The following post is a follow up to my previous post on Ouya’s Free The Games campaign which can be found here: Why I call Bullshit on Ouyas Free The Games campaign successes Today, a marvellous victory has been won for all indies everywhere that want to one day use Kickstarter as a valid investment source. Elementary, My Dear Holmes (made by Sam Chandola), has recently been suspended due to unusual activity on its account (this was the Kickstarter project that had many fake profiles, included a poor lady that has been missing for months and many fake celebrities). Sam Chandola, the creator Elementary, My Dear Holmes has stated in the Kickstarter comments: “We love point-and-click adventure games and this will, by no means, stop us from pursuing Elementary, My Dear Holmes. We are devoted towards the project and will be seeking private equity to finish this up. And I’m…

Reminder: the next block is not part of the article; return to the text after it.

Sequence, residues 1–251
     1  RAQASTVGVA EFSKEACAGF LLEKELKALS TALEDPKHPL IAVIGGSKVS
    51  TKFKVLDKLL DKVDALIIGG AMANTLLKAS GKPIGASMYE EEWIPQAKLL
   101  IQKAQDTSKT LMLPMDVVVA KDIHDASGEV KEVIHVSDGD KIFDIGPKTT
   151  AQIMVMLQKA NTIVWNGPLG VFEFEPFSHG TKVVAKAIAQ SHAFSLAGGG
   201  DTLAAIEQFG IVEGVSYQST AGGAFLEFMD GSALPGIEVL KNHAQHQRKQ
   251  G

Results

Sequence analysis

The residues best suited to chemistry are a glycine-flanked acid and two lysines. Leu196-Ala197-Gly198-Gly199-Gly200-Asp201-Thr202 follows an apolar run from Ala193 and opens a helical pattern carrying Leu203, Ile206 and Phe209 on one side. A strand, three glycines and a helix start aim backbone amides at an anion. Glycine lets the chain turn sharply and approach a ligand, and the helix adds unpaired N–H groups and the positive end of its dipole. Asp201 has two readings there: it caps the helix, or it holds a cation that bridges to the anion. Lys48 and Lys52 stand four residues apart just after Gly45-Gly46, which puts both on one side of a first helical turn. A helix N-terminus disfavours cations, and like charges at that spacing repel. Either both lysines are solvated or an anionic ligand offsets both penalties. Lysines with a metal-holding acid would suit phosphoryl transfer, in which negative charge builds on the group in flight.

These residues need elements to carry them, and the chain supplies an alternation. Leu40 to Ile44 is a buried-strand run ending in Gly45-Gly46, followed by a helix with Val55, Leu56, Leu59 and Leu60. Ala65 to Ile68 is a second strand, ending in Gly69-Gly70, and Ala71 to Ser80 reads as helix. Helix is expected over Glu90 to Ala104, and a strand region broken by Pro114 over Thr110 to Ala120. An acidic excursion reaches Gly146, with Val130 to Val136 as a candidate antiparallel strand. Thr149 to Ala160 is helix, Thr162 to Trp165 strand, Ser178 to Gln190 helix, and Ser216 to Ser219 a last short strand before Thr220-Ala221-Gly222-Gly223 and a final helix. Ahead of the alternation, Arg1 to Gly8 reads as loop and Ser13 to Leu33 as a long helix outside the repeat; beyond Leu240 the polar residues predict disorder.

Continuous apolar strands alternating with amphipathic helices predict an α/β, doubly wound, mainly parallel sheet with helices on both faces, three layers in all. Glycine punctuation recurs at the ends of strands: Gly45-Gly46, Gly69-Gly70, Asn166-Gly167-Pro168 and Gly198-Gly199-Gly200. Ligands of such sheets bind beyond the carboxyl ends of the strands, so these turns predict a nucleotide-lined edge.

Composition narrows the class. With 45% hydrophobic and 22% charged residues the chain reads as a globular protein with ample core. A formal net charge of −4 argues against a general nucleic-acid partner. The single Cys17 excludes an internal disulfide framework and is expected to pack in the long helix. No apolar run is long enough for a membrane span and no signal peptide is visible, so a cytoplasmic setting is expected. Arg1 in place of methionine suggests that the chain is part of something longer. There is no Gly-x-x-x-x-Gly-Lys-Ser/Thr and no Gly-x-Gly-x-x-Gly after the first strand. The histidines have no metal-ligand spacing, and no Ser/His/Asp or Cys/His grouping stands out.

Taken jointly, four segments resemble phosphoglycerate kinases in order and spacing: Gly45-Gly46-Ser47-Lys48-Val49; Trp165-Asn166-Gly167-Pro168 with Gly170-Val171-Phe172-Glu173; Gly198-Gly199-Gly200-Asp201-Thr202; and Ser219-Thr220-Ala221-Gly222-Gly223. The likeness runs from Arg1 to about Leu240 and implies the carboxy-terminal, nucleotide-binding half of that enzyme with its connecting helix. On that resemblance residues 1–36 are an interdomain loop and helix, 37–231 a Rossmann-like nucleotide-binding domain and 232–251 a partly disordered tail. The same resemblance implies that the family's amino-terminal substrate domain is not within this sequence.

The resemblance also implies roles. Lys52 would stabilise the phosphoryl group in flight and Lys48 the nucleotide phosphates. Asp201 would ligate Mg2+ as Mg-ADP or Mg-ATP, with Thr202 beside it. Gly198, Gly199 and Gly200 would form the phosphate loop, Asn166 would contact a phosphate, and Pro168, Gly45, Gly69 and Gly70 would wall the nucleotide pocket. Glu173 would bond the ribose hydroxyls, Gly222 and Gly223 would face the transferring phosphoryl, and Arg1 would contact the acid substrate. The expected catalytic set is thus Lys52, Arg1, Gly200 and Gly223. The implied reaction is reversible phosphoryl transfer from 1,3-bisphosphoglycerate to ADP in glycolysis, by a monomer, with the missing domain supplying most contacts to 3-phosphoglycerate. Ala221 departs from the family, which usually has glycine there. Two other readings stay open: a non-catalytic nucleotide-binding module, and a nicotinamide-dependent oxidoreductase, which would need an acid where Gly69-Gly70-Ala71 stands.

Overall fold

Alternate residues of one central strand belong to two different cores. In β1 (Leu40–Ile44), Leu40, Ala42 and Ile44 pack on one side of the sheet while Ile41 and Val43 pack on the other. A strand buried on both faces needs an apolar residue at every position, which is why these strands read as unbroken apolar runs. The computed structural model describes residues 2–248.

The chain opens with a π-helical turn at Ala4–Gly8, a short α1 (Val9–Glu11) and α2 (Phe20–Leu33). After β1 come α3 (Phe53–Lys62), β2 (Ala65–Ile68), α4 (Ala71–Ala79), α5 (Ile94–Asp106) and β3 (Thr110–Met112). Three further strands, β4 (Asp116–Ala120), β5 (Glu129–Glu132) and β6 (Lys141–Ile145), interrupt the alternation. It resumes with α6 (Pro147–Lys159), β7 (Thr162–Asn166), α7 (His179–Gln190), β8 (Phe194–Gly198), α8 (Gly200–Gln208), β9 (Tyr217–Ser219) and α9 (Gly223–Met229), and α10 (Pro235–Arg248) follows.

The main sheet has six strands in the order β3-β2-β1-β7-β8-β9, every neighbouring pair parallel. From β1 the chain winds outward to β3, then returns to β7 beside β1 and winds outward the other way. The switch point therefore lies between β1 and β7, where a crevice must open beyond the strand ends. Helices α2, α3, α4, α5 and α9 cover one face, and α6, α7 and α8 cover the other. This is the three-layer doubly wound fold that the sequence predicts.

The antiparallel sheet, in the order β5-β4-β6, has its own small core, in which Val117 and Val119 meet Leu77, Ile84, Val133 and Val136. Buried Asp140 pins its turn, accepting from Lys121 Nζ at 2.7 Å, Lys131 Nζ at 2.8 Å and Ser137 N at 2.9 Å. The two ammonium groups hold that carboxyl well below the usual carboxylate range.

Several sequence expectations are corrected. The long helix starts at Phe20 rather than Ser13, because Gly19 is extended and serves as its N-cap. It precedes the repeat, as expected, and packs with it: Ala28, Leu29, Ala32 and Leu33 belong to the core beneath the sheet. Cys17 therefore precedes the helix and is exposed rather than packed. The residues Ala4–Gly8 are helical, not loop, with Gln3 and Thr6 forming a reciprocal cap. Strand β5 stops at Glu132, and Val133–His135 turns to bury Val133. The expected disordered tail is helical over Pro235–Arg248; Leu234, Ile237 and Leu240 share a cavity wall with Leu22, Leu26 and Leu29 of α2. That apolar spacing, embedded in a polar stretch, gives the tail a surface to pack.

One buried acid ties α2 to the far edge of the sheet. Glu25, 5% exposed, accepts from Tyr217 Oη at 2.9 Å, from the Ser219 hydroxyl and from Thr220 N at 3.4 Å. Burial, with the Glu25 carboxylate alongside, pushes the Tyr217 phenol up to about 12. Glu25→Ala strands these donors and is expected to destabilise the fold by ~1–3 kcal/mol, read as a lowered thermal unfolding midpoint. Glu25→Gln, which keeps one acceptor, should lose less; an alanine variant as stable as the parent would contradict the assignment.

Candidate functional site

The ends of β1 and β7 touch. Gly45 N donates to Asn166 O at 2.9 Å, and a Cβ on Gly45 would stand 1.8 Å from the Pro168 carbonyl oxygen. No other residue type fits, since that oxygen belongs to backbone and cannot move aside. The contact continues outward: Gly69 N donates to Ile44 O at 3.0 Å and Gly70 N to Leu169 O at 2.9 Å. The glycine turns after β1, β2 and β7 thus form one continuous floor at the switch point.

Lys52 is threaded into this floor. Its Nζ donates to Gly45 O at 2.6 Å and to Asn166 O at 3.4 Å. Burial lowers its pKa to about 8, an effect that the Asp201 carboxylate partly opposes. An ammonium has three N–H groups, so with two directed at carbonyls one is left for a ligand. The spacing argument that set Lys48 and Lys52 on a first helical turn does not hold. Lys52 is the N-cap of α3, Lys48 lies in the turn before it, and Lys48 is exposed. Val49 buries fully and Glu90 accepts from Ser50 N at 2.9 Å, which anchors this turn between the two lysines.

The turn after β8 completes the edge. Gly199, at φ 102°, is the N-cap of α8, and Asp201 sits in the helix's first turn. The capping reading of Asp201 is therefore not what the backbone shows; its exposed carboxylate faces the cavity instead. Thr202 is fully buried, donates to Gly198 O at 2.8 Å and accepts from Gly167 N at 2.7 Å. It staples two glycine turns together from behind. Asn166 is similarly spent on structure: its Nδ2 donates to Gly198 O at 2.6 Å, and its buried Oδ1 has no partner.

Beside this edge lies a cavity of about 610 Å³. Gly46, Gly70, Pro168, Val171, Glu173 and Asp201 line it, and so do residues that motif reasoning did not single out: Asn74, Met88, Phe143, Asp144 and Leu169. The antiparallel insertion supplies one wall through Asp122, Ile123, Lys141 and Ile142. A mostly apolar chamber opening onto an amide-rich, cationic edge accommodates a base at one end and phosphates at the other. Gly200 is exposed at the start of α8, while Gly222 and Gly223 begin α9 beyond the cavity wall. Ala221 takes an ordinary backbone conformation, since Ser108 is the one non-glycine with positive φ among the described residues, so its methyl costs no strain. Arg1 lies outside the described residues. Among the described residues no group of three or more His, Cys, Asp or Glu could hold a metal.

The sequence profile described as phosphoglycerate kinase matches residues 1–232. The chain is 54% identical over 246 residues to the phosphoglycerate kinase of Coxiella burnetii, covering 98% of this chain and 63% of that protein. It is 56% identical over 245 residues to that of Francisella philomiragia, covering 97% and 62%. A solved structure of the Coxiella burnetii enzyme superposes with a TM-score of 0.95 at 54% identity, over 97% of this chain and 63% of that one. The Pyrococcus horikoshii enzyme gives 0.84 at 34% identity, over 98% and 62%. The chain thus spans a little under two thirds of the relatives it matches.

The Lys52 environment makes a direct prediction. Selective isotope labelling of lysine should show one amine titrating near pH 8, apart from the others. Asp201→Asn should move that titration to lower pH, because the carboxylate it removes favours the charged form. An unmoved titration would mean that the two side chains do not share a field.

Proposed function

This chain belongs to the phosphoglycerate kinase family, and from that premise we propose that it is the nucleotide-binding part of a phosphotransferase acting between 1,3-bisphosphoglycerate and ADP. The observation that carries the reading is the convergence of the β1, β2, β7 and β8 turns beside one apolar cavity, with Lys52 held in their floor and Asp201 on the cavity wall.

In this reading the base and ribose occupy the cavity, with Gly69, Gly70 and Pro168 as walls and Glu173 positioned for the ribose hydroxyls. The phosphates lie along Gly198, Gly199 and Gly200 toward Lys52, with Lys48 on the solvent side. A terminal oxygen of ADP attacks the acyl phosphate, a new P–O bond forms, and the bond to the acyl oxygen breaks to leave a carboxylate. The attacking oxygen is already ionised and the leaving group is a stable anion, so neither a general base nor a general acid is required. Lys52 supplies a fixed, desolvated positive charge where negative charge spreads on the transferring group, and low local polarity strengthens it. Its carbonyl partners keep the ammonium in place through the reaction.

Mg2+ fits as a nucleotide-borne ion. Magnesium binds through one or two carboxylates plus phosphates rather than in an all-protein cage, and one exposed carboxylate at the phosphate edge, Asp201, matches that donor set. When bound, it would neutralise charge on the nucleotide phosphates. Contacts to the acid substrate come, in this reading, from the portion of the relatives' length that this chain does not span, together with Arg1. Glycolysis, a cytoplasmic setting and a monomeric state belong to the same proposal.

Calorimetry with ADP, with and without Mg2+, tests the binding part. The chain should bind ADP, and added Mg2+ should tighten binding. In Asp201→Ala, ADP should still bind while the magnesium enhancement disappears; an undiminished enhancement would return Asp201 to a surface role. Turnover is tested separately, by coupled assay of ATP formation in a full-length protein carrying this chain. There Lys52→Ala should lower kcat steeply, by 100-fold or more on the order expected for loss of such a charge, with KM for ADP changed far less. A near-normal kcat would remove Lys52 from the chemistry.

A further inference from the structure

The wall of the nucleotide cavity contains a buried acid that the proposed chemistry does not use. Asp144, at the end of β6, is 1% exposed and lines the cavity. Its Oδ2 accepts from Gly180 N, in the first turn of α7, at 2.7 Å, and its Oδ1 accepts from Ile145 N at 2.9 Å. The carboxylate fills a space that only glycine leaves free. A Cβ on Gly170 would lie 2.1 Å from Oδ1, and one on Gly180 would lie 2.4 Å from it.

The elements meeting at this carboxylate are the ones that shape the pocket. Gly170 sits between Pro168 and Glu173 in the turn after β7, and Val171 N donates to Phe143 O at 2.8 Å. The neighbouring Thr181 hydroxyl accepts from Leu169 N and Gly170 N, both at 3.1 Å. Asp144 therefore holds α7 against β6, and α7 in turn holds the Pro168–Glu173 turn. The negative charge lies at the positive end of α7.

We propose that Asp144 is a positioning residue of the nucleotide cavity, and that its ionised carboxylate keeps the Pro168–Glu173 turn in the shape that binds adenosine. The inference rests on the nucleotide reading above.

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This morning, I awoke to some seemingly good news coming from my Flipboard news app. Polygon reported that Ouya’s “Free The Games” fund had been successful twice on Kickstarter. I was amazed, astounded even, as never in my wildest dreams would I imagine any game prospect would actually be able to raise $50,000 in funds for an Ouya exclusive game. The news article I read can be found here: http://www.polygon.com/2013/8/27/4664654/first-ouya-free-the-games-campaigns-surpass-funding-goals To summarise, it states that 2 kickstarter campaigns (Gridiron Thunder and Elementary, My Dear Holmes) have successfully got their needed money, and so Ouya will give them 100% extra funding over the course of their development. This is all well and good until you actually take a look at each Kickstarter page: The above, for example, only has 126 backers that have seemingly managed to be the most charitable backers in the entire world. Upon inspection it’s very suspicious: 110 of the 126…

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